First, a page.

Rose syrup: history, recipe and preparation

From the Genoese tradition a fragrant elixir that is good for the “heart”, but also for the lungs

It is not known why the tradition of working with rose petals developed in Genoa, where fresh rose petals are used not only to make rose syrup, but also sugared almonds and rose jam. The fact is that already a text dating back to 1683 written by Gian Domenico Peri, “The shopkeeper“, mentiones “the jams and canned sugar that are processed in Genoa as the most excellent that can be found anywhere else in the world“.

Today, after more than 300 years, the rose petal syrup is an excellence that is still produced by hand by a few producers in the city, two above all: the “Antica Confetteria Pietro Romanengo” (in Genoa since 1780) and the “Antica Farmacia Sant’Anna dei Frati Carmelitani Scalzi” (which has been producing rose syrup since 1700).

But in the Scrivia Valley behind Genoa, some producers are breathing new life into the production: the rose syrup is today a top product for them, given the strong demand especially from abroad, in particular from England and Japan.

Does the Scrivia Valley fascinate you? Discover all Italia Delight experiences!

What is rose syrup?

Preserved in small and transparent bottles so as not to hide that pale pink colour so romantic and inviting, rose syrup is today a niche product and a Slow Food Presidium, obtained in 2004 to preserve the artisanal production from Genoa and to differentiate it from industrial products.

rose syrup

To celebrate roses syrup, every year on the second weekend of June, the Rose Festival is held in Busalla: the event is organized by the association “The Roses of the Scrivia Valley“, created almost 20 years ago by Maria Giulia Scolaro who also produces the rose syrup in her organic farm in the heart of the park of Monte Antola.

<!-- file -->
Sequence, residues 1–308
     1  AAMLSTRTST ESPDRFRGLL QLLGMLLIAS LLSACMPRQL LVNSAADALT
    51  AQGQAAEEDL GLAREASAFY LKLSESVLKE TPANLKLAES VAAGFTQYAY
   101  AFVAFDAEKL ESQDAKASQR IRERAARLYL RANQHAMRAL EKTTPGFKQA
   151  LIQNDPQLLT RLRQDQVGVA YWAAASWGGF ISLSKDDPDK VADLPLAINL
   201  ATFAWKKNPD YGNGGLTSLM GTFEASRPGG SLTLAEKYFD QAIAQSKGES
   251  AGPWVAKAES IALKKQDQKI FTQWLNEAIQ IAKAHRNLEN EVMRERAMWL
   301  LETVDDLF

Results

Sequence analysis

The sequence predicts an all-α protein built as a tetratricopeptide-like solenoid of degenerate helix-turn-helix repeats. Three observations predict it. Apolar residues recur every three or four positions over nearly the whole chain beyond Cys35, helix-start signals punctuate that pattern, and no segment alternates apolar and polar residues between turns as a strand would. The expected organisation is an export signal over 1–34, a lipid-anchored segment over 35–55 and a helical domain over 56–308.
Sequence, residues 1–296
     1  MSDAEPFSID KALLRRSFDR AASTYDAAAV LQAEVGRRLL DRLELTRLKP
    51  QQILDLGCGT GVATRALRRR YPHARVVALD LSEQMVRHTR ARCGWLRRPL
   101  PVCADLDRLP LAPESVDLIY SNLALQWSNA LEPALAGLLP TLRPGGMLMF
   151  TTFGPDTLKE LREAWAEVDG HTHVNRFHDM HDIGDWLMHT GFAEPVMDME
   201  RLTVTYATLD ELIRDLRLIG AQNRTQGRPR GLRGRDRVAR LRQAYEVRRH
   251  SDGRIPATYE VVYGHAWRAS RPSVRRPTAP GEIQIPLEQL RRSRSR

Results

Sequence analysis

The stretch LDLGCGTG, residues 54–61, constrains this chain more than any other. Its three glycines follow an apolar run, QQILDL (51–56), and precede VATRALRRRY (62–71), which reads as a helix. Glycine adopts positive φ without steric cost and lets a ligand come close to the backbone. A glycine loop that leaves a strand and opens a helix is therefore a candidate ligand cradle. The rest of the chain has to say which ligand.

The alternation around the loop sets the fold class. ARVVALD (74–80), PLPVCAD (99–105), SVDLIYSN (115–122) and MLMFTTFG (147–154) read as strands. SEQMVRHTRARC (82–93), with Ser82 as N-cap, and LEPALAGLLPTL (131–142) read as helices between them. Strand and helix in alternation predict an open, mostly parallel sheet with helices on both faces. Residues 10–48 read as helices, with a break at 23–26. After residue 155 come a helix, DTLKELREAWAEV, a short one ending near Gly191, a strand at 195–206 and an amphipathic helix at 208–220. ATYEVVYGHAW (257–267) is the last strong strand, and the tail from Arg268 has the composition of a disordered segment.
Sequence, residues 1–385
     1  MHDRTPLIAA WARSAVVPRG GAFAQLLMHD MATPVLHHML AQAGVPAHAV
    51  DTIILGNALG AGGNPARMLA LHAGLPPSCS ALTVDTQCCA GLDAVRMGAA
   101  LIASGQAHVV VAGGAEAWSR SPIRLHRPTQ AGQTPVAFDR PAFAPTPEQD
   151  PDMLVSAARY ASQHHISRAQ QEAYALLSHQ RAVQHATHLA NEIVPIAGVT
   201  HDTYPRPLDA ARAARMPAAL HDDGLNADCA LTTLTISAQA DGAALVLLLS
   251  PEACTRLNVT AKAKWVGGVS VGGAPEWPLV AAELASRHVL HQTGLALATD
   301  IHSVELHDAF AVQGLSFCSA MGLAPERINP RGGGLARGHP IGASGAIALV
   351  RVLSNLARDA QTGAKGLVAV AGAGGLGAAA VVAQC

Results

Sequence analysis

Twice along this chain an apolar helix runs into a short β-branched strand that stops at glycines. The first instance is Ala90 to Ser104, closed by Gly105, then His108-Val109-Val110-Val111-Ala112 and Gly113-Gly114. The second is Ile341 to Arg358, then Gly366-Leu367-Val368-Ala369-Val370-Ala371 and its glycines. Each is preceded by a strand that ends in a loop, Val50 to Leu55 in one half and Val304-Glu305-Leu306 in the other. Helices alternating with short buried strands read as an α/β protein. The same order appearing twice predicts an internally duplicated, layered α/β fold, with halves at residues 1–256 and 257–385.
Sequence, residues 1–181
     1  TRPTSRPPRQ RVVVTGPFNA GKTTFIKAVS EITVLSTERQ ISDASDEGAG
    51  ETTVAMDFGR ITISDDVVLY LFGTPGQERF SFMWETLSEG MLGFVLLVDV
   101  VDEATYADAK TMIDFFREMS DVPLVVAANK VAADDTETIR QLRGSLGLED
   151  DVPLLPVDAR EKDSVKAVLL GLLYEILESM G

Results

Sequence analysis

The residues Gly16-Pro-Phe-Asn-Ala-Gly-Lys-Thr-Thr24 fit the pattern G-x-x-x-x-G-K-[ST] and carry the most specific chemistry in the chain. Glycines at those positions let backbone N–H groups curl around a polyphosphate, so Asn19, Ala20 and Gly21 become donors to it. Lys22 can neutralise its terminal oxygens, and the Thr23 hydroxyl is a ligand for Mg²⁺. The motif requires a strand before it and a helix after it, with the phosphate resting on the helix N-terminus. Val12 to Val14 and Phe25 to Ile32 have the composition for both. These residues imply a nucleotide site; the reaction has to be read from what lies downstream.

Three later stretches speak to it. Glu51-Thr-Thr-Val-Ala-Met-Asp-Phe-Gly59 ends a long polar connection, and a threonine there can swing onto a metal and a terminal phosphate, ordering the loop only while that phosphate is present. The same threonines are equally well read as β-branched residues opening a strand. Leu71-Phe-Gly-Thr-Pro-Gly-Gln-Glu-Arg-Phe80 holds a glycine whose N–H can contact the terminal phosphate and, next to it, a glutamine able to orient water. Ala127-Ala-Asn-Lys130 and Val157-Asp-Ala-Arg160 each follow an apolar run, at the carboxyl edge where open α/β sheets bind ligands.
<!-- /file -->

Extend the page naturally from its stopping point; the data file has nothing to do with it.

Properties of rose syrup

Without forgetting the home-made production of rose syrup, especially from the Ligurian hinterland, which is still a “ritual” handed down from mother to daughter, we must consider that rose syrup is famous not only for the refreshing characteristics of this fragrant syrup, but also for its healing properties: it is an excellent anti-inflammatory for the mouth and upper respiratory tract and has diuretic effects.

And in fact the well-known French herbalist Maurice Mességué, in his “My herbarium” published in 1983 writes: “The infusion and rose syrup are fortifying tonics for the lungs and perform a tonic action on the whole organism: I recommend infusion and syrup, in particular, to the inhabitants of the metropolis who are worried about the conditions of their respiratory system, to the convalescents and the elderly. Fragile children will receive valuable help in overcoming certain growth crises”.

Symbol of love since time immemorial, not many know that the rose is a plant with many properties: the rose petals contain vitamin C, carotene, B vitamins, vitamin K, calcium, potassium, copper and iodine.

How to make rose syrup